Time Travel Theatre – The night I met Quentin Crisp

Quentin Crisp 1940s, Photo by Angus McBean and held at the National Portrait Gallery

In remembrance of a singular figure now, sadly, fading from memory, and in celebration of LGBTQI+ Pride, I thought that you might like to hear about an evening out I had almost forty years ago.

It was a chilly Friday evening in 1981 that a friend and I approached the Duke of York’s Theatre in St Martin’s Lane, full of anticipation and curiosity. An Evening with Quentin Crisp, the displays announced tastefully. We swept through the outer doors – into a thoroughly empty foyer. Let us remember that this was the end of a long and successful run, and an early house at that (Fridays, 6 and 8.30).

Quentin Crisp had shot to fame after John Hurt portrayed him to great acclaim on TV in a dramatised biography, The Naked Civil Servant, in 1975 and now, in his latter years he was an unexpected international celebrity, holding forth about everything under the sun in his stage show which ran, almost unchanged, for many years, across the UK and America. And now, he was back here finishing off a run in London- quietly, it seemed.

A rather subdued atmosphere hung over the theatre as we shuffled in to the early house. Seven of us in the stalls, a similar number in the dress circle. The auditorium was as cold and silent as at a wake.

The house lights dimmed and Crisp made his entrance to a hearty round of applause from the tiny throng. “Good evening”, he said. “Now before we get started, I’d like to do a little housekeeping. There’s a first time for everything…..Would you“, he said in his leisurely voice, swivelling a somewhat gnarled – but beautifully manicured – finger to the handful of people in the dress circle “…like to come down here and join us?” It was more of a requirement than an invitation, and those upstairs eagerly came and joined the handful of us in the front stalls. Crisp directed the new arrivals to their new seats, and made us into a single cosy group, and then the show began. Crisp snapped into his delivery like a seasoned pro, effortlessly slipping into the well-worn groove of his material.

He began: “I’ve been forbidden to describe this evening as a straight talk from a bent speaker. So instead, let’s say it’s like a consultation with a psychiatrist who is madder than you are.”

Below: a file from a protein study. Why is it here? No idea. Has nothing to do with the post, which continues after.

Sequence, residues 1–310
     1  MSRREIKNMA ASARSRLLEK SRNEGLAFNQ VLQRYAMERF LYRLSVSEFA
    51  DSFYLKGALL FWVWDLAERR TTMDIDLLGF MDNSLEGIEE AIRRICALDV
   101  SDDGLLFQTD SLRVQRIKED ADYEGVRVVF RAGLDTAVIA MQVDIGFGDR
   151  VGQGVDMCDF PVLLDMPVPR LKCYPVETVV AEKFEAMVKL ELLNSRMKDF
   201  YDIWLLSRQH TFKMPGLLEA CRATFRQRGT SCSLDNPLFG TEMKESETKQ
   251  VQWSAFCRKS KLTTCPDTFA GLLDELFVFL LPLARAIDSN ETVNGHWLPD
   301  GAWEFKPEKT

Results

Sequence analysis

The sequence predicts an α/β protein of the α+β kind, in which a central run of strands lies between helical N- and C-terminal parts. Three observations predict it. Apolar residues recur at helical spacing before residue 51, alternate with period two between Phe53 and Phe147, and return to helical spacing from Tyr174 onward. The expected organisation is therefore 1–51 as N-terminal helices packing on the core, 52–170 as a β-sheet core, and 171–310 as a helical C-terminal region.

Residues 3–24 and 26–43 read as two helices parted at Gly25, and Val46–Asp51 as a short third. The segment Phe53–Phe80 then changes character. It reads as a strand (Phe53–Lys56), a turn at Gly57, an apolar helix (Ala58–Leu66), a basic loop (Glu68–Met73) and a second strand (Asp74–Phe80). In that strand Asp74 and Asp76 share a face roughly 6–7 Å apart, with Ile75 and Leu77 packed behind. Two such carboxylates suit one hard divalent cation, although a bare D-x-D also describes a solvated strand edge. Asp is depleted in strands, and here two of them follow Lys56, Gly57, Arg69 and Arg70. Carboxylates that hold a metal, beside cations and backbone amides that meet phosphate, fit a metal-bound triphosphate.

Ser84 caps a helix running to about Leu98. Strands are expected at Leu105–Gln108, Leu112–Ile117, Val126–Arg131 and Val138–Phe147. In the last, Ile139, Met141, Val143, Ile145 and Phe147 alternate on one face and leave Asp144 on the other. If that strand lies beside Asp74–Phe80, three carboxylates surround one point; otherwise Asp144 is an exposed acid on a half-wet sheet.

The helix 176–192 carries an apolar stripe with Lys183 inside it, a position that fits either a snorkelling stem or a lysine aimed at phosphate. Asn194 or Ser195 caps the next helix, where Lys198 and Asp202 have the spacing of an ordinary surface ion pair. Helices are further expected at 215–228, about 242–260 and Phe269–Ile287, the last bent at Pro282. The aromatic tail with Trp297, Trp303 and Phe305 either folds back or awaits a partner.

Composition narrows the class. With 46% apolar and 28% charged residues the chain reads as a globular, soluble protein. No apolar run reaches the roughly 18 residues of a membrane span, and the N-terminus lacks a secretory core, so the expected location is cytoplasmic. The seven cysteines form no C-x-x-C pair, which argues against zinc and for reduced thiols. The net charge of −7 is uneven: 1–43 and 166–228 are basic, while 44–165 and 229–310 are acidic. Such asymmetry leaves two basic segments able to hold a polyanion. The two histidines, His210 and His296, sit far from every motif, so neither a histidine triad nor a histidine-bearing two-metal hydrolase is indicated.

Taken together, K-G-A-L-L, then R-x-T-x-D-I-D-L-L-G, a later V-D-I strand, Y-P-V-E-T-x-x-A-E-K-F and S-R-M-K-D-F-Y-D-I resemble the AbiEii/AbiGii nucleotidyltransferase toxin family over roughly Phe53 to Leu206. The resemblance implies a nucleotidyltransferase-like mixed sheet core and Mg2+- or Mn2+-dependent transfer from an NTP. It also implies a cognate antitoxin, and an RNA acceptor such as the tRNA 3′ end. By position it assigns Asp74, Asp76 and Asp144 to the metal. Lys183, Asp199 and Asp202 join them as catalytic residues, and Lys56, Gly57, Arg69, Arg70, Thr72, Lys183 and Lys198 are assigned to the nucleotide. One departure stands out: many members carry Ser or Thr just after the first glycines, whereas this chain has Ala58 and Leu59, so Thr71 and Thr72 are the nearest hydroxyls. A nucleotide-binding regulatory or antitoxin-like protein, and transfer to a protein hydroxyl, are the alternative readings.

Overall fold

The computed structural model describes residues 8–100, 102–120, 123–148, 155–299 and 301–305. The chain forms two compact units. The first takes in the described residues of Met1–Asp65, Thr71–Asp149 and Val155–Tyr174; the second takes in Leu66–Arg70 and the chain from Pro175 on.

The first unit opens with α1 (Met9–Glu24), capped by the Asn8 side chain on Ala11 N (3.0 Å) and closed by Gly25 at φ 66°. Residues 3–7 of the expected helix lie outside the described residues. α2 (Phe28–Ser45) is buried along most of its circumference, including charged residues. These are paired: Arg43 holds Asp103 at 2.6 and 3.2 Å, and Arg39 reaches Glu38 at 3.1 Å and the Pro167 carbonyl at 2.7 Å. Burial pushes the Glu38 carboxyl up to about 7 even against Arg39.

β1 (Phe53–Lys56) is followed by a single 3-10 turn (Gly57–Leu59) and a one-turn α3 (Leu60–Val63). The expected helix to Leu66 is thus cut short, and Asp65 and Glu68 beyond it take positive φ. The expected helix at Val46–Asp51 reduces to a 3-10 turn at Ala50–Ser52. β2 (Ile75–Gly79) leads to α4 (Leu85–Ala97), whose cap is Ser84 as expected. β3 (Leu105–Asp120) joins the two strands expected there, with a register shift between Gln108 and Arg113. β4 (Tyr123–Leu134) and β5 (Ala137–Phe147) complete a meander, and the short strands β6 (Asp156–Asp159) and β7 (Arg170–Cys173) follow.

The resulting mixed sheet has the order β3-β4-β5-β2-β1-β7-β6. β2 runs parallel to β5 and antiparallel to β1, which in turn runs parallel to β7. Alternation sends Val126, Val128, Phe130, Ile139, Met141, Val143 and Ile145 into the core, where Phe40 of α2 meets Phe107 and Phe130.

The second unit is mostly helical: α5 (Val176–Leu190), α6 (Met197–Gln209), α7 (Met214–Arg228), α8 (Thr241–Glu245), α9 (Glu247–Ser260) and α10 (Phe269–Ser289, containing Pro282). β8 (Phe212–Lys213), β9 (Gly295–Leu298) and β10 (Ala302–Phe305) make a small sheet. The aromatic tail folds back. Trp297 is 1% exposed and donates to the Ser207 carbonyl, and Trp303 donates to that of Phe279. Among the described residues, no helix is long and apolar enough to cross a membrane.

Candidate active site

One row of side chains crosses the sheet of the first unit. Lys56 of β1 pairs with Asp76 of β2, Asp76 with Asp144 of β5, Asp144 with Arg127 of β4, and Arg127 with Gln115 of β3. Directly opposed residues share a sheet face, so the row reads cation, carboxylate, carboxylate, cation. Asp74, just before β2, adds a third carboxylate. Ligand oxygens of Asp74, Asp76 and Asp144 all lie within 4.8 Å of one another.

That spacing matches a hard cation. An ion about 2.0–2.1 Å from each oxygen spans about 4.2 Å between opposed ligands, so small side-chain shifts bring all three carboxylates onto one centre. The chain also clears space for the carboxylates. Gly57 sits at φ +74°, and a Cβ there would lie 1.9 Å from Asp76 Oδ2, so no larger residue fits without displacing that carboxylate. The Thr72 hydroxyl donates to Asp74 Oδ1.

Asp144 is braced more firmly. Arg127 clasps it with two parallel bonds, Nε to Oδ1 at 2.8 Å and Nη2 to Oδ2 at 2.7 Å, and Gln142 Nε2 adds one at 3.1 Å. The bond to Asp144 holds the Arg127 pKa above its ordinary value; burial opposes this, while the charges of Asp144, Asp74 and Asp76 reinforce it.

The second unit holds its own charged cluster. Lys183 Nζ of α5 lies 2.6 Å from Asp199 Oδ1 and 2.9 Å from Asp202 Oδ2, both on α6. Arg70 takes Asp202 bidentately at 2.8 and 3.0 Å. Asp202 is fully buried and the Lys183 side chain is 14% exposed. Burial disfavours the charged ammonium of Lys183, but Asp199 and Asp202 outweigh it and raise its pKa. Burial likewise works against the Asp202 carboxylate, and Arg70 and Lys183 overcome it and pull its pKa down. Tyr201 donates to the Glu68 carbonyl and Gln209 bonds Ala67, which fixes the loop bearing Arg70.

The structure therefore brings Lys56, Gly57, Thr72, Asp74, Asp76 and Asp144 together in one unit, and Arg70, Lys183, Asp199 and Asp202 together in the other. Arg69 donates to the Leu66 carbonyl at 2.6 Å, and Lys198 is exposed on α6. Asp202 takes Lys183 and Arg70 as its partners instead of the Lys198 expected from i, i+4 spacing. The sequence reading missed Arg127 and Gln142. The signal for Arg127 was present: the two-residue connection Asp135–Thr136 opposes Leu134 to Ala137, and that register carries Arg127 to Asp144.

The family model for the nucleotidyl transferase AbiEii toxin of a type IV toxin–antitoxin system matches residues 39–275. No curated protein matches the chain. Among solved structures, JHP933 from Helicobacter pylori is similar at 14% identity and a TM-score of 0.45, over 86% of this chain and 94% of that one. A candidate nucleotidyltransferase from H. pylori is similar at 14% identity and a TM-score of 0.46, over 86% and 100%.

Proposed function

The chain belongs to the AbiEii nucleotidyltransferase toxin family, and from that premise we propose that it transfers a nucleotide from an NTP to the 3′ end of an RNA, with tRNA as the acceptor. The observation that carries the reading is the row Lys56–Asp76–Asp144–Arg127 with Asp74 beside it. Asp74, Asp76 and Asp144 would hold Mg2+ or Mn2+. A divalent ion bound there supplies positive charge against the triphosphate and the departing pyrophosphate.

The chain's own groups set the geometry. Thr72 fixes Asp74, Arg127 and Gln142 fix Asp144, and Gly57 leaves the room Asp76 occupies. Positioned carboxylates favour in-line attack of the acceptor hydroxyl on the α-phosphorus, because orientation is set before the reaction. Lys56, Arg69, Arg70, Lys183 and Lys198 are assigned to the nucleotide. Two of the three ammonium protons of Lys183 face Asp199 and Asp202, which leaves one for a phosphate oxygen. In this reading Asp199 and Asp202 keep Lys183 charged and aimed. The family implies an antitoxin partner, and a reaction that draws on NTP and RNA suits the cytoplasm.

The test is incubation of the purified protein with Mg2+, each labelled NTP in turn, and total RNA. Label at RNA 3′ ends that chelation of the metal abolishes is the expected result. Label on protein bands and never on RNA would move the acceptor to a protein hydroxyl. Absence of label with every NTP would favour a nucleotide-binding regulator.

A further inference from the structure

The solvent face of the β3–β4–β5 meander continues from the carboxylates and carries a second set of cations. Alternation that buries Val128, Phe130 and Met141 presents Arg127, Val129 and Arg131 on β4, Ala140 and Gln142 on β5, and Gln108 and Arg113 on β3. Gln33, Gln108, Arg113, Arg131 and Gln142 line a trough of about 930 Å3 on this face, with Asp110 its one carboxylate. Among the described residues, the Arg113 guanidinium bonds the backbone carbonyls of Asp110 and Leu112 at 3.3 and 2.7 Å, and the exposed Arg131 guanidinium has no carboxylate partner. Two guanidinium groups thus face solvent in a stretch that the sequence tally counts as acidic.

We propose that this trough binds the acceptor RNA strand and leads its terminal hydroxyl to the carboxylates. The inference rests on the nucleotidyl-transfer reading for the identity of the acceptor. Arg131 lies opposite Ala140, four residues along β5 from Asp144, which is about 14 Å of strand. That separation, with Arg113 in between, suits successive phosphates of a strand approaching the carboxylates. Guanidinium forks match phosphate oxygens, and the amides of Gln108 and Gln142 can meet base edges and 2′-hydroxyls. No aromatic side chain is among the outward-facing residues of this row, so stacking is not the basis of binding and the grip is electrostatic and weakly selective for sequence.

He proceeded to run the gamut, with advice, amusing anecdotes and shameless plugs for his book, which he would be signing in the foyer at the end of the show. After an interval, he answered written questions from the audience with his trademark dry wit and fun. And that oft-impersonated voice! A hint of a nasal drawl, like gravel mixed with glitter, was special to hear “live”. With one of the smallest audiences I have ever been with, I can say it was one of the most memorable nights in the theatre that I have ever had.

At the show’s conclusion, after a small hiatus, the man himself appeared in the foyer, with an Annapurna of paperbacks by his side, surreally out of proportion to the size of the attending group. For a moment I didn’t know if we were supposed to buy them or climb them.

I counted the group. Every single person had stayed.

He signed my book. His new Fontana paperback, entitled ‘How to Become A Virgin’. He signed everyone’s book. He was most polite, respectful and very grateful, and took time to inscribe the books clearly for each of us. And then he was gone, ushered back through the auditorium by the front of house team, who as I remember, looked unsettlingly like the gang in the 1955 Ealing film The Ladykillers.

1981. Or was it 1955? So hard to recall….

We went out into the night, warmed by the experience of having spent a couple of hours in the company of a person who had spent a lifetime standing up for who he was – although it attracted the wrong kind of attention – and won. A little part of us had changed forever; we would never forget the night that we met Quentin Crisp.

Quentin Crisp died in 1999, aged 90, having humorously decided to live for a century “with a decade off for good behaviour”. He left behind a string of books, stage appearances and media interviews. Never conveniently categorised in life or death, he remains an interesting figure for his often controversial views and his ability to turn a good one-liner, as well as his bravery in standing out and being himself. In his final writings, he came to the realisation that he was more a trans woman than a gay man, which revealed one final fascinating facet of the person we knew as Quentin Crisp.

Of the stage show, there was a sound recording made in New York in February 1979 which became a best-selling double LP (cover above) released by DRG, and the video recording below was made a little later, I think 1983/4.

I am delighted to say that I have tracked down this show on YouTube (below), so that you can take a trip back in time. Enjoy a slice of LGBTQ history! And Happy Pride!

With thanks to YouTube poster Sam Tichinoff

Anyone wanting to delve further into Mr Crisp’s doings may enjoy a visit to CRISPERANTO – All Things Quentin Crisp – here